Home » Victorian Women, Unwed Mothers and the London Foundling Hospital by Jessica A Sheetz-Nguyen
Victorian Women, Unwed Mothers and the London Foundling Hospital Jessica A Sheetz-Nguyen

Victorian Women, Unwed Mothers and the London Foundling Hospital

Jessica A Sheetz-Nguyen

Published May 10th 2012
ISBN :
Kindle Edition
256 pages
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 About the Book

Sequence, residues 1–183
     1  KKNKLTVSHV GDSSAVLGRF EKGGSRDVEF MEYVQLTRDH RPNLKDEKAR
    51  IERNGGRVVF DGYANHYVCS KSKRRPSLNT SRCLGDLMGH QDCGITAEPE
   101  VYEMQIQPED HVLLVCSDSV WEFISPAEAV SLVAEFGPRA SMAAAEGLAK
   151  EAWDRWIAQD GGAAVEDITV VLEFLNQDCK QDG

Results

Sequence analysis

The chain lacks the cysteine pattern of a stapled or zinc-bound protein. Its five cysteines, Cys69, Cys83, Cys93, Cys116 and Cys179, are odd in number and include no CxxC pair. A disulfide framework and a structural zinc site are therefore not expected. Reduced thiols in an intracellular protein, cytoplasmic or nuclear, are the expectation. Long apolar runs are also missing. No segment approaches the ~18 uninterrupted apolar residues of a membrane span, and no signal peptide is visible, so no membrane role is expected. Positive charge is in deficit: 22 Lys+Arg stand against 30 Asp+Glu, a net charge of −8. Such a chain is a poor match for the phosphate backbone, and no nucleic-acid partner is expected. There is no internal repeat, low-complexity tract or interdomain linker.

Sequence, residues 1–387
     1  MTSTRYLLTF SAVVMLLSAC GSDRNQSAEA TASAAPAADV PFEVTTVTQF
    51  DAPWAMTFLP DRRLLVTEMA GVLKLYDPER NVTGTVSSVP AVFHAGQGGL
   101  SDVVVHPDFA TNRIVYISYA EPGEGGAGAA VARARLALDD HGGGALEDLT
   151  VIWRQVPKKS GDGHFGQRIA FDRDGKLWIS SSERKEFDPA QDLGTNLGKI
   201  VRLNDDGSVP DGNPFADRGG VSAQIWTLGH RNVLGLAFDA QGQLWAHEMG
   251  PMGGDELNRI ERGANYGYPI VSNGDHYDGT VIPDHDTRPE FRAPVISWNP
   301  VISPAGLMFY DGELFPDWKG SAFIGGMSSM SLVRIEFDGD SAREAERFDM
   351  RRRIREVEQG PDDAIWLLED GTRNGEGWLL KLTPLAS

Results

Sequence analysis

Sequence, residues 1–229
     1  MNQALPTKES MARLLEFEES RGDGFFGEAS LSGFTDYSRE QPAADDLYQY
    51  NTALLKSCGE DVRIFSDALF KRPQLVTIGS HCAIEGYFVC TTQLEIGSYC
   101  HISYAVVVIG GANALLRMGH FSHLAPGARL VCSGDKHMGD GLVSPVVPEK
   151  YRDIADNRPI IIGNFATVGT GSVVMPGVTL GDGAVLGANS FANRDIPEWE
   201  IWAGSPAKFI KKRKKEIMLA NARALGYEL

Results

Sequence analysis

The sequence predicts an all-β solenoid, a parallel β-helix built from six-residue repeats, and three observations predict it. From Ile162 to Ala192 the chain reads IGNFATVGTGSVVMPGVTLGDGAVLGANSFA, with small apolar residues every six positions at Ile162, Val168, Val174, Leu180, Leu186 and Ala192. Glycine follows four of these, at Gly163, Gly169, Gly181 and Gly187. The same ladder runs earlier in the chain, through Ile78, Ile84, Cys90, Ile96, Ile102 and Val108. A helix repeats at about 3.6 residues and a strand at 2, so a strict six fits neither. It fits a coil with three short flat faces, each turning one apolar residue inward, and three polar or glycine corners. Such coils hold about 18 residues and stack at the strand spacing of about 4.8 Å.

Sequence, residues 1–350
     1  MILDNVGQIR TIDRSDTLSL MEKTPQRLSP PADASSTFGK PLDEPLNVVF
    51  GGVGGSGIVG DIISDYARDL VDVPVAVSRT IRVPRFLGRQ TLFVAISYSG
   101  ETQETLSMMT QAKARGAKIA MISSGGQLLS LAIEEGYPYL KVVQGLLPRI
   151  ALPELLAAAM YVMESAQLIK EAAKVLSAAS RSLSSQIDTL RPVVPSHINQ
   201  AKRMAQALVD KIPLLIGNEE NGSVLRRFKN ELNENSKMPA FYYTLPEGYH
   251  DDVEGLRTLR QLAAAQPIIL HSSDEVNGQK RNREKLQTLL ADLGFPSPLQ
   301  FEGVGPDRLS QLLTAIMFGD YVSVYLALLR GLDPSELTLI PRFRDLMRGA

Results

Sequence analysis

This volume seeks to address the questions of poverty, charity, and public welfare, taking the nineteenth-century London Foundling Hospital as its focus. It delineates the social rules that constructed the gendered world of the Victorian age, andMoreThis volume seeks to address the questions of poverty, charity, and public welfare, taking the nineteenth-century London Foundling Hospital as its focus. It delineates the social rules that constructed the gendered world of the Victorian age, and uses �respectability as a factor for analysis: the women who successfully petitioned the Foundling Hospital for admission of their infants were not East End prostitutes, but rather unmarried women, often domestic servants, determined to maintain social respectability. The administrators of the Foundling Hospital reviewed over two hundred petitions annually- deliberated on about one hundred cases- and accepted not more than 25 per cent of all cases. Using primary material from the Foundling Hospitals extensive archives, this study moves methodically from the broad social and geographical context of London and the Foundling Hospital itself, to the micro-historical case data of individual mothers and infants.